Life expectancy influences the value of potential future earnings. The younger the decedent, the longer wage earning period remaining at death. This clearly affects the potential loss to the survivors. Problems arise with very young decedents who had developed few work skills and had no clear cut earning level at time of death. Older people may have shorter life expectancies, but they have attained more of their career goals and have typically developed a higher wage rate than their younger counterparts. Future earnings projections often create one of the more difficult evaluation questions in the wrongful death claim. Carriers typically take a much more conservative view than plaintiffs.
The statutes ordinarily allow a spousal claim for wrongful death only from a person legally married to the decedent. Some jurisdictions recognize “common law” spouses and allow recovery when this person lived with the decedent and the parties represented themselves as husband and wife. A few jurisdictions may recognize claims for loss of partners of the same sex. The insurance company must determine if the survivor was a legal spouse as a condition for a settlement. Carriers may compromise a wrongful death case when the status is unclear. Absent a specific court ruling on the issue, marital status creates a major problem where more than one person claims to be the surviving spouse. In one case, three women claimed to be the decedent’s widow. The carrier felt that the evidence supported a valid marriage only to claimant #2. They sought nominal settlements with claimants #1 and #3, however, to avoid further legal action. Their other option consisted of a court approved settlement.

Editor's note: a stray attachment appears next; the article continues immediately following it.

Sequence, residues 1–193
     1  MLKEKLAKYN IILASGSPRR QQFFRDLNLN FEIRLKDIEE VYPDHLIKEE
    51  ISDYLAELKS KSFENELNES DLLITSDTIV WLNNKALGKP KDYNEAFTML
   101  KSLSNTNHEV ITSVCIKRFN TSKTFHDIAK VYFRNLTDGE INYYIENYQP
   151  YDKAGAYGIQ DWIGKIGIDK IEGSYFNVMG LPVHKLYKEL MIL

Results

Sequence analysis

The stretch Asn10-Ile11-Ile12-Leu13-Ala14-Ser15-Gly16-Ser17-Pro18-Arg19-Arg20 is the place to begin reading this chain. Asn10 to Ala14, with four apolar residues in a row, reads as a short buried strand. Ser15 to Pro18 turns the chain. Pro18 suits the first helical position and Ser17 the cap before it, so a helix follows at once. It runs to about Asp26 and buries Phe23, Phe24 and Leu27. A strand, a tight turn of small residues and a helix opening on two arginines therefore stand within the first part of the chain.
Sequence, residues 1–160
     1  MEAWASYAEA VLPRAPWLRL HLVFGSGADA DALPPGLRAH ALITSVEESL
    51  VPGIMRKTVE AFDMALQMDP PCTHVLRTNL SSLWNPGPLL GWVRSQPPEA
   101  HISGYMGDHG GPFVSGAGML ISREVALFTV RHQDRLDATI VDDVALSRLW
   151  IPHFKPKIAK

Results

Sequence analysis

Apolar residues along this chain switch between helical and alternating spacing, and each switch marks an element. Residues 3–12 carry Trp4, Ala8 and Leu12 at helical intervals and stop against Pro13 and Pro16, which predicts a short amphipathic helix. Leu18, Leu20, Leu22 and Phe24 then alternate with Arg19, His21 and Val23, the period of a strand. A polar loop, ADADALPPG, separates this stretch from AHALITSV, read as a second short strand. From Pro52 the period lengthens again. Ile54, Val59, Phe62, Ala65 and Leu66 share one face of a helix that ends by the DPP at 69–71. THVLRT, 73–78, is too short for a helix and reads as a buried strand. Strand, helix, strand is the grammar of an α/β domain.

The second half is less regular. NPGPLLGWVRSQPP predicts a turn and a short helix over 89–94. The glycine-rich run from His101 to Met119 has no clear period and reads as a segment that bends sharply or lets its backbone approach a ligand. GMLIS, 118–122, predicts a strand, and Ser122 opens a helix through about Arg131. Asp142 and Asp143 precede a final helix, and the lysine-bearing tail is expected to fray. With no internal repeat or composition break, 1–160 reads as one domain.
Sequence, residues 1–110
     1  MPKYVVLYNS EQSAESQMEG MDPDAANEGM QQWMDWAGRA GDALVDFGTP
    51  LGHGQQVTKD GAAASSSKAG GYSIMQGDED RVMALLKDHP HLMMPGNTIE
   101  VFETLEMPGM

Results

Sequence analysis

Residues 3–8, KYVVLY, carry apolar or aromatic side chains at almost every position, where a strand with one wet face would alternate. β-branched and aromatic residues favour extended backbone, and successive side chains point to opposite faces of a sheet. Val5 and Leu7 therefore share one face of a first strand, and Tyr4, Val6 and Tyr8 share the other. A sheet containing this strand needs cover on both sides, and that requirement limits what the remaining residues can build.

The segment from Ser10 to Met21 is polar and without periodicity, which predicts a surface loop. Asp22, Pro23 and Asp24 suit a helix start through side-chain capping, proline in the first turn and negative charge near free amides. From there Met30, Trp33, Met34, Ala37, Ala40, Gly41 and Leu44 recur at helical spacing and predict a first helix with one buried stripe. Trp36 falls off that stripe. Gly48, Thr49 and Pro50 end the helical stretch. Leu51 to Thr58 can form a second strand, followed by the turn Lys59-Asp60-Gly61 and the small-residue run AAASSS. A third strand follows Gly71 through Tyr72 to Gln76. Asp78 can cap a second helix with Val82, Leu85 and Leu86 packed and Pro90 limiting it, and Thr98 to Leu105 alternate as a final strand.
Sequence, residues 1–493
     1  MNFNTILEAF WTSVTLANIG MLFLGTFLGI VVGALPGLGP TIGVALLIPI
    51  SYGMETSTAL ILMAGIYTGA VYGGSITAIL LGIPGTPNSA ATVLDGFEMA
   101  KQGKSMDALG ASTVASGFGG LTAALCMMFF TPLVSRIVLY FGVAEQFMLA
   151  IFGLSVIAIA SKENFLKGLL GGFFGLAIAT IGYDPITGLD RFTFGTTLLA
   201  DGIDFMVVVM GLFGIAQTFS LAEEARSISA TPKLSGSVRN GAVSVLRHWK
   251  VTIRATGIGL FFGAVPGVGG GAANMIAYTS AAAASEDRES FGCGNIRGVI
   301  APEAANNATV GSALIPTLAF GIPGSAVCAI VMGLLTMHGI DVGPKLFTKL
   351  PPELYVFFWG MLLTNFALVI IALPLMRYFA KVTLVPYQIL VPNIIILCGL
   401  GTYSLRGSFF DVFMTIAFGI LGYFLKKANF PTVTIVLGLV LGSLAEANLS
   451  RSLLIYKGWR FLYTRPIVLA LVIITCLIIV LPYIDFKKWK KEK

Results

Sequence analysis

An insurance company or self-insured defendant considers these factors in any claim alleging that the claimant was a dependant of the decedent: